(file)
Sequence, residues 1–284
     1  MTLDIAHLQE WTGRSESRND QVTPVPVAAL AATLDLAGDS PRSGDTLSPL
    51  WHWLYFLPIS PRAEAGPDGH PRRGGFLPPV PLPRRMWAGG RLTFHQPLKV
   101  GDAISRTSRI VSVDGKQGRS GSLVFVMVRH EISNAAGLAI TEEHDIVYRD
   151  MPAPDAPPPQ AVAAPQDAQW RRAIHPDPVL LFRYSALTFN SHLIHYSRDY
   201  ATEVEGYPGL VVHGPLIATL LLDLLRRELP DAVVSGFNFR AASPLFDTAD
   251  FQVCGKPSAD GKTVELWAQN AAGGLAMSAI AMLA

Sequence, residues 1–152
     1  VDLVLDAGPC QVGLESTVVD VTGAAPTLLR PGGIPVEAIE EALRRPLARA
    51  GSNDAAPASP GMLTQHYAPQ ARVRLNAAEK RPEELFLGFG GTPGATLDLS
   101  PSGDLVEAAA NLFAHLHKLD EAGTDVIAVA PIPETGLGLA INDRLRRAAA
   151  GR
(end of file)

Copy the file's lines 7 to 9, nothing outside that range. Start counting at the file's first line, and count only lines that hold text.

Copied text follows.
   251  FQVCGKPSAD GKTVELWAQN AAGGLAMSAI AMLA

Sequence, residues 1–152
     1  VDLVLDAGPC QVGLESTVVD VTGAAPTLLR PGGIPVEAIE EALRRPLARA